On Friday, the Dow Jones Industrial Average fell 0.3% after Federal Reserve Chair Janet Yellen indicated that the case for a rate hike had “strengthened.” And following her remarks, Vice Chairman Stanley Fischer weighed in, saying they indicated the possibility of as many as two rate hikes this year.
According to fed funds futures, the implied likelihood of a rate hike in September increased to 33% on Friday from 21% on Thursday. And the probability of a rate hike in December increased to 59% from 52%.
Many rate-sensitive sectors and stocks fell as a result of Yellen’s comments, including utilities, which dropped 2.1%. Notable declines included Consolidated Edison, Inc. (NYSE:ED), off 2.2%, and PG&E Corporation (NYSE:PCG), off 2.1%.
At Friday’s close, the Dow Jones Industrial Average fell 53 points to 18,395, the S&P 500 lost 3 points at 2,169, the Nasdaq gained 7 points at 5,219, and the Russell 2000 fell 2 points to 1,238.
The NYSE Composite’s primary exchange traded 822 million shares with total volume of 3.3 billion. The Nasdaq crossed 1.6 billion shares. On the Big Board, decliners outpaced advancers by1.5-to-1, and on the Nasdaq, decliners led by 1.1-to-1. Block trades on the NYSE increased to 5,025 from 4,481 on Thursday.
For the week, the Dow Jones Industrial Average fell 0.9%, the S&P 500 lost 0.7%, the Nasdaq declined 0.4%, and the Russell 2000 gained 0.1%.
The CBOE Volatility Index (VIX) is up 24% from its Aug. 9 low of 11.02, but that was one of the lowest levels in years. So, despite the wide spread from low to high on Friday, the 0.02-point advance to a close of 13.65 is meaningless.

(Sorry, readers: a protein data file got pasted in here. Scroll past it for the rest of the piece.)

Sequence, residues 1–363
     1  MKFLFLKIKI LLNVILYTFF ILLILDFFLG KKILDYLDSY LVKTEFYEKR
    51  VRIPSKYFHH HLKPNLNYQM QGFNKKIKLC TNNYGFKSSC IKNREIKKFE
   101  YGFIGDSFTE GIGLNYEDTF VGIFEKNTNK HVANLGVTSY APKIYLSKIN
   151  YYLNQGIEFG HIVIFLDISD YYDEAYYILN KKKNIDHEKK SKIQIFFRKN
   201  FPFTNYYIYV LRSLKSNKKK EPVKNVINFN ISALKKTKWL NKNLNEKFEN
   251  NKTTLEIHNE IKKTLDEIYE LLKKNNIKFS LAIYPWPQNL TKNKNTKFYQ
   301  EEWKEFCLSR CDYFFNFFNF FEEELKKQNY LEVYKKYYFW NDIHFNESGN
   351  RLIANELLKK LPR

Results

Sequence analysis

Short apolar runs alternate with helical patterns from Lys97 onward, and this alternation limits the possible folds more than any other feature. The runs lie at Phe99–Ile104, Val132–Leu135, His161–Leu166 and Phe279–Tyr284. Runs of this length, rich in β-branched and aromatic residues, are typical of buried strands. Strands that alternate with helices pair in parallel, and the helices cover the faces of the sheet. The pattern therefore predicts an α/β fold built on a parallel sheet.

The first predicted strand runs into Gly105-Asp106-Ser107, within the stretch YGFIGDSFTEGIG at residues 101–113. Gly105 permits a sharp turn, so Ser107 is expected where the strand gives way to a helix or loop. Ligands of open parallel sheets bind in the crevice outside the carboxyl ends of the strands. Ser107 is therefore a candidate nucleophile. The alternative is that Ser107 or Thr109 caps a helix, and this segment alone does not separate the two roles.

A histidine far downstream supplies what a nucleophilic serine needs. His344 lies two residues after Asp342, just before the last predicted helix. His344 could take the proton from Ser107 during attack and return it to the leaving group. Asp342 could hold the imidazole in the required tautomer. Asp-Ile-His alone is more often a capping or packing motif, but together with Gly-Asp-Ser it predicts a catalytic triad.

The chart of the Dow Jones Industrial Average is a bit concerning. While the other indices have traded in a bull channel for almost two months, the Dow has been sideways. But volume is very low, which is a positive, and MACD is oversold.
Initial support is at the 50-day moving average at 18,271 with resistance at a possible double-top at 18,668. And, as a reader correctly pointed out, the Dow Jones Transportation Average has not confirmed a bull market despite new highs by the industrials.
Yellen’s scare tactics may have an impact on interest-sensitive markets. Interest rates on most bonds have already adjusted to anticipate a rate increase. But the average investor doesn’t seem to be concerned about the possible impact on stocks.
Last week’s AAII sentiment survey showed most investors are neutral at 40.9%, with 29.4% bullish and 29.6% bearish.
The high neutral reading means more cash on the sidelines, and the bull versus bear reading tells us buyers and sellers are evenly matched. If the average investor is wrong, as they usually are, stocks may still break to the upside before the end of October.
Today’s Trading Landscape
To see a list of the companies reporting earnings today, click here.
For a list of this week’s economic reports due out, click here.